This was once the most common representation of female bodies. The rolls of fat and pudgy bellies existed along with thick thighs and broad hips. Some of those bodies were slim, some were chubby, some were fat, but they weren’t stretched out and smoothed out in Photoshop. They acted like bodies do, they looked real and believable. We lost that somewhere along the way, when people in the fashion business started wiping out any inconvenient fold, making us think they don’t exist and to have them is a blasphemy. Maybe it’s about time we remember they are perfectly normal and everyone has them, sometimes or all the time, no matter skinny or fat.
Showing posts tagged with “women”
“Men look in the mirror and see a Senator, and women look in the mirror and say ‘I’m not qualified.’”
What would have once sounded like a far-fetched feminist fantasy – women forming the majority of a parliament – is a reality in one country in the world, Rwanda.
In fact, women are making gains throughout all of Africa, but these achievements have been met with a loud silence from the western feminist movement.
“Screw writing “strong” women. Write interesting women. Write well-rounded women. Write complicated women. Write a woman who kicks ass, write a woman who cowers in a corner. Write a woman who’s desperate for a husband. Write a woman who doesn’t need a man. Write women who cry, women who rant, women who are shy, women who don’t take no shit, women who need validation and women who don’t care what anybody thinks. THEY ARE ALL OKAY, and all those things could exist in THE SAME WOMAN. Women shouldn’t be valued because we are strong, or kick-ass, but because we are people. So don’t focus on writing characters who are strong. Write characters who are people.” – Lori
Women of color would be nice, too.
“I’ve experienced firsthand how the “model minority” narrative– this strange tendency to assume that Asians are simply a quiet, high-achieving community tagging along with our white brethren into a melting pot of joy–effectively de-legitimizes our voices in conversations about promoting racial justice. Leaving our voices and experiences out of the fight for racial justice erases our long, often tragic history in this country and homogenizes all Asians into one, high-achieving blob. Leaving us out means turning a blind eye to the fact that 1 in 6 Filipino-Americans and 1 in 4 Korean-Americans are undocumented, that Southeast Asians have the highest high school dropout rates in the country, that Asian American students are the most bullied ethnic group in classrooms, and that Asian women are consistently hypersexualized, objectified, and orientalized via widespread media representations. If you choose not to include us in discussions on racial justice, you are telling us that our struggles don’t matter.”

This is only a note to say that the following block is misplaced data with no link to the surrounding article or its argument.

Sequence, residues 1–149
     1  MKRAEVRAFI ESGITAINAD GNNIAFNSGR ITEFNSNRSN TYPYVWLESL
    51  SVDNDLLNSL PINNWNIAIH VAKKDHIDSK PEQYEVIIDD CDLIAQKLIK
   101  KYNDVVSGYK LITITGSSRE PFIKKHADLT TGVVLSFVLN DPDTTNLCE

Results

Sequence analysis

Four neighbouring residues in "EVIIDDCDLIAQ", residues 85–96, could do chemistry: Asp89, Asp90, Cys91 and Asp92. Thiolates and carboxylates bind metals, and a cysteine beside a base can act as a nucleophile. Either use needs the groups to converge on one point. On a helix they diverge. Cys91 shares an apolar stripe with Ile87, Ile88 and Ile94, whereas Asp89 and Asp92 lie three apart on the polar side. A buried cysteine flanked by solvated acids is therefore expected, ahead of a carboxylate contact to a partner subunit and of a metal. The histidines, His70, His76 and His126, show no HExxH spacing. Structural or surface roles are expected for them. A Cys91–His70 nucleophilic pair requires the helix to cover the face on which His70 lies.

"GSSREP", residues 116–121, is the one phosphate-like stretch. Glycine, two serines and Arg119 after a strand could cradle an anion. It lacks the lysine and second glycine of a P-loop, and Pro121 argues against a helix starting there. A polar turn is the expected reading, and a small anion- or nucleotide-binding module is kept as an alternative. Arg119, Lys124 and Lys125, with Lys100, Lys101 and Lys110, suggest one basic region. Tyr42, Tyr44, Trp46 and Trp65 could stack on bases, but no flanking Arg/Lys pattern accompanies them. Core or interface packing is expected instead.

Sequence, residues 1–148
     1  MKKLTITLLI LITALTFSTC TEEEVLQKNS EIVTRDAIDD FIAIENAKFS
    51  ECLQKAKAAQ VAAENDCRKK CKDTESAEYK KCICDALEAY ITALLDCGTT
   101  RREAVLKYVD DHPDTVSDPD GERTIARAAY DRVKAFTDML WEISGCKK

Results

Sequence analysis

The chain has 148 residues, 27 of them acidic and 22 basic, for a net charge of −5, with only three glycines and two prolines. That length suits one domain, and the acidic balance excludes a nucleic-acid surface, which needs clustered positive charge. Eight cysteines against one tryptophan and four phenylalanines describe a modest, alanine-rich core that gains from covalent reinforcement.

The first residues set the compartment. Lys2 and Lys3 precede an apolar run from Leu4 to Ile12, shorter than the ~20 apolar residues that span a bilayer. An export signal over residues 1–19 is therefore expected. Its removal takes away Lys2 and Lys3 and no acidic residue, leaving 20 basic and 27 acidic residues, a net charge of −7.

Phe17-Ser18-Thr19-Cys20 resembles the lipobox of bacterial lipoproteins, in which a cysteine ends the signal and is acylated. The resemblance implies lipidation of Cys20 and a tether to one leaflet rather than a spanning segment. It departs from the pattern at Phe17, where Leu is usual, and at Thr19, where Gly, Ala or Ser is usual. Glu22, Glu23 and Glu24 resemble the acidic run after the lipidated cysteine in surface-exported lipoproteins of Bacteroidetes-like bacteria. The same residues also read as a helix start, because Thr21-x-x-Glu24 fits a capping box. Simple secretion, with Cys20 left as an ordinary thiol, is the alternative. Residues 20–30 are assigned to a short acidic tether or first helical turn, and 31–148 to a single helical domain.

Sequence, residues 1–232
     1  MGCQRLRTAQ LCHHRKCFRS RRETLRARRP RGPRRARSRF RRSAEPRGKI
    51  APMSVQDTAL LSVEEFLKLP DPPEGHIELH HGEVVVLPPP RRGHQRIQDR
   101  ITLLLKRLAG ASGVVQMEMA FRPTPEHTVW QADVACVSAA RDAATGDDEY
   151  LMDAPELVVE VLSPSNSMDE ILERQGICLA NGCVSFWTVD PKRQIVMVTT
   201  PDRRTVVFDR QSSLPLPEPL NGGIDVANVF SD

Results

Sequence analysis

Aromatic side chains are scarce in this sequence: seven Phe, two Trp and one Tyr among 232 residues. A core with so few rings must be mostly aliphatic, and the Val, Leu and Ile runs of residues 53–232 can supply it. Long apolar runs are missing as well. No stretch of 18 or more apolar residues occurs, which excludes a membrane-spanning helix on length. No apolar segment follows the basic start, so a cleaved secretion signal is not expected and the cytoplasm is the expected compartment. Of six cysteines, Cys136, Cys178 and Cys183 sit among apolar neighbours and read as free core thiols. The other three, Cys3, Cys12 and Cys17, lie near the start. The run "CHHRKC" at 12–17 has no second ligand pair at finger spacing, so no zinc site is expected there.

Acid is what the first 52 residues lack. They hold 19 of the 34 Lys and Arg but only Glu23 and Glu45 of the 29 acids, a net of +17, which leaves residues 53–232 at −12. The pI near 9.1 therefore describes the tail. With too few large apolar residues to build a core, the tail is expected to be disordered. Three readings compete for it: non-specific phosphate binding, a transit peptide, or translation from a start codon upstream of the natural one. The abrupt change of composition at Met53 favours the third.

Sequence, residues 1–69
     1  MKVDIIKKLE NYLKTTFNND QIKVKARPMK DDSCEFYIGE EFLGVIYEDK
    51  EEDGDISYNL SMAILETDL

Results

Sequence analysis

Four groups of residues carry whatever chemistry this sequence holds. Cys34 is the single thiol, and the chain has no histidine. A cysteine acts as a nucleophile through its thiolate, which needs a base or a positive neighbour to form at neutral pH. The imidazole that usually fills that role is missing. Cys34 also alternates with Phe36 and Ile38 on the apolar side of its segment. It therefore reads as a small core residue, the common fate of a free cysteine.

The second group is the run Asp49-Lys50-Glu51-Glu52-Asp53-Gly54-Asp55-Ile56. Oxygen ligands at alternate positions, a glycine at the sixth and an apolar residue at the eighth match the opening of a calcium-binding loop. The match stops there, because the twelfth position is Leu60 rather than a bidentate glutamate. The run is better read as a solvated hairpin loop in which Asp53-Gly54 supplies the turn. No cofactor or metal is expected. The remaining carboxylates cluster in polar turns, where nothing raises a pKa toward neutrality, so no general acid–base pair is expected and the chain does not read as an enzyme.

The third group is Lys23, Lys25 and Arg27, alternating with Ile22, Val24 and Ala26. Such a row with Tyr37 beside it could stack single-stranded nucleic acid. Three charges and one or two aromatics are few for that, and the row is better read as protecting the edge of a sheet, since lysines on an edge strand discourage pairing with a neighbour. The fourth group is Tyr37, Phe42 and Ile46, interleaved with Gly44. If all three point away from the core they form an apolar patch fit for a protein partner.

—Linsey Yoo, Racialicious, "Solidarity is for white women and Asian people are funny"
I’d prefer to see this graph in percentages, but still. The point is clear.
“[T]hey looked at the ratio of men and women in groups. And they found that if there’s 17 percent women, the men in the group think it’s 50-50. And if there’s 33 percent women, the men perceive that as there being more women in the room than men.”
What we’re, in effect, doing is training children to see that women and girls are less important than men and boys. We’re training them to perceive that women take up only 17 percent of the space in the world.
“No one ever asks if a male character is “strong”. Nor if he’s “feisty,” or “kick-ass” come to that. The obvious thing to say here is that this is because he’s assumed to be “strong” by default. Part of the patronising promise of the Strong Female Character is that she’s anomalous.”
Also excellent: “Sherlock Holmes gets to be brilliant, solitary, abrasive, Bohemian, whimsical, brave, sad, manipulative, neurotic, vain, untidy, fastidious, artistic, courteous, rude, a polymath genius. Female characters get to be Strong.”
But ultimately, it’s all about writing characters of all genders who are well-rounded. “Strong” is just another way for female characters to be one-dimensional, and real women aren’t one-dimensional.
Hillary Clinton hasn’t even declared her intention to run in the Democratic primaries, and the awful, gendered rhetoric has already begun.
Of particular concern is The Hillary Project, a PAC dedicated to “[waging] a war on Hillary Clinton’s image” and “tell the whole truth about Hillary Clinton, from her early days as a student radical to her days in the White House and beyond.” Okay then. Typical smear campaign, except when you get to the “Games” section of the website, featuring a "Slap Hillary" game. While the Republican Party (and conservatives at large) are already suffering from a a perception issue amongst women voters, I’m not sure this will do them any favours. Of course, it points to a greater issue of silencing women in positions of power or those who speak out. Given that women of all partisan stripes face a disproportionate amount of vitriol simply for expressing themselves - verbal abuse, even rape and death threats - allowing detractors to play out this violence, even through a Flash game, is symptomatic of a culture where women’s opinions are so devalued that people are comfortable with advocating for violence to silence them.